‘One Day at a Time’ shows continued success in new season

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‘One Day at a Time’ shows continued success in new season

Protests break out in Puerto Rico as frustration grows

Protests break out in Puerto Rico as frustration grows

Protests break out in Puerto Rico as frustration grows

Protests break out in Puerto Rico as frustration grows

By Ariana Portalatin

While Congress debated the Deferred Action for Childhood Arrivals and immigration policies, Netflix released its second season of “One Day at a Time” Jan. 26, a comedy about a lively Cuban-American family dealing with everyday life but also unique matters that come with being a Latino family with immigrant roots. The show’s writers made the congressional topics more clear cut, defining what really matters, while also providing good laughs. 

The first season also covers important subjects, including gender inequality, LGBTQ issues and mental health, so I expected nothing less from the 13 episodes of Season 2. The new season added new topics, including gun control and immigration. 

The show demonstrated its relevance right off the bat. In the first episode, head of the household and single mom Penelope Alvarez struggles to figure out the cause of her son Alex’s behavioral problems. She later finds out they stem from Alex wanting to hide his Cuban heritage more after experiencing racist remarks from classmates. 

Despite the need to cover racism in a TV show about Latinos in the current political climate, I couldn’t help but cringe at the obvious political stances taken in the first episode, which felt a little too forced for my liking. However, I still support the show’s willingness to tackle realistic issues families face. The rest of the episodes are also enjoyable and blend together heavy and uplifting scenes easily.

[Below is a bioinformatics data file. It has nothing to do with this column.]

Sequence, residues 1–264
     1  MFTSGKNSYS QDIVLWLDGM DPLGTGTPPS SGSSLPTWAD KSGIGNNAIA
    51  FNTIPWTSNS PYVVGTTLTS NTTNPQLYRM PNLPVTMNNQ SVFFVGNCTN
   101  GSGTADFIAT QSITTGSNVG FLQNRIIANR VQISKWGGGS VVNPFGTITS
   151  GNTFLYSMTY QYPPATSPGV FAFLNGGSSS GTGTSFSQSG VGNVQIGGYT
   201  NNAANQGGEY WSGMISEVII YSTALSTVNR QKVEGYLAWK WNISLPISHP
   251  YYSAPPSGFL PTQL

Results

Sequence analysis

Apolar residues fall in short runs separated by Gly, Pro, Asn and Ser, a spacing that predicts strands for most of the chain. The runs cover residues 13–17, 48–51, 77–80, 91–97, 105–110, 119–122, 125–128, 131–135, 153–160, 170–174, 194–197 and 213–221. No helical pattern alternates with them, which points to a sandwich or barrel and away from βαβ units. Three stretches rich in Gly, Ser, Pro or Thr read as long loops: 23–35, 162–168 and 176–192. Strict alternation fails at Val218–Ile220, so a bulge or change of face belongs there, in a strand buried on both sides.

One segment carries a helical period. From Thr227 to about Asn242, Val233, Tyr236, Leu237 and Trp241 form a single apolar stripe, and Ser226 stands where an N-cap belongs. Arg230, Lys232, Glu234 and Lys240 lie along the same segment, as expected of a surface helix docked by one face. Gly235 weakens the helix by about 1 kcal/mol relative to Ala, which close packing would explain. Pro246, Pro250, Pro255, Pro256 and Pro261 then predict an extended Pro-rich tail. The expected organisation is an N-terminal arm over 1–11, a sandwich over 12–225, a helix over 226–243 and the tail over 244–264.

The rest of the episodes brought in new situations but continued previous storylines. Penelope maintains her work-life balance but is challenged when she returns to school and pursues a romantic relationship. She also deals with her children growing older and facing their own battles. 

Her daughter Elena has difficulties expressing her feelings for a girl she is interested in dating and also must face her father again after a year of no contact with him following her coming out before her Quinceañera in Season 1. Meanwhile Penelope spends more time with Alex, hilariously teaching him how to save money at the movie theater by sneaking in personal food and hiding it from employees. 

This review would be incomplete without mentioning the legendary Rita Moreno. Despite being recently discredited when she was identified as a mere guest by The New York Times while attending the Golden Globes, she proved herself to be the star she is through her exuberant character Lydia, the grandmother who helps hold the family together with her consistently colorful personality. 

Fans suffered heartbreak watching the 13th episode, spent preparing for a tearful goodbye to Lydia, who spends the majority of the last episode in a hospital bed in a medically induced coma after suffering a stroke, leaving the family to wonder when or if she will wake up. She thankfully does and is instantly back to herself when she immediately checks to see if her nails are done, giving the audience some much needed laughter and ending the season on a cheerful note. 

“One Day at a Time” has proven itself successful for Netflix through comedy and diversity of storylines. I was impressed by each character’s development and the courage to tackle controversial topics other shows wouldn’t, even if it means multiple tear-jerking scenes that keep you on the edge of your seat. Although Season 3 has not yet been announced, I have no doubt it will be soon, and I look forward to the anticipation of another season. 

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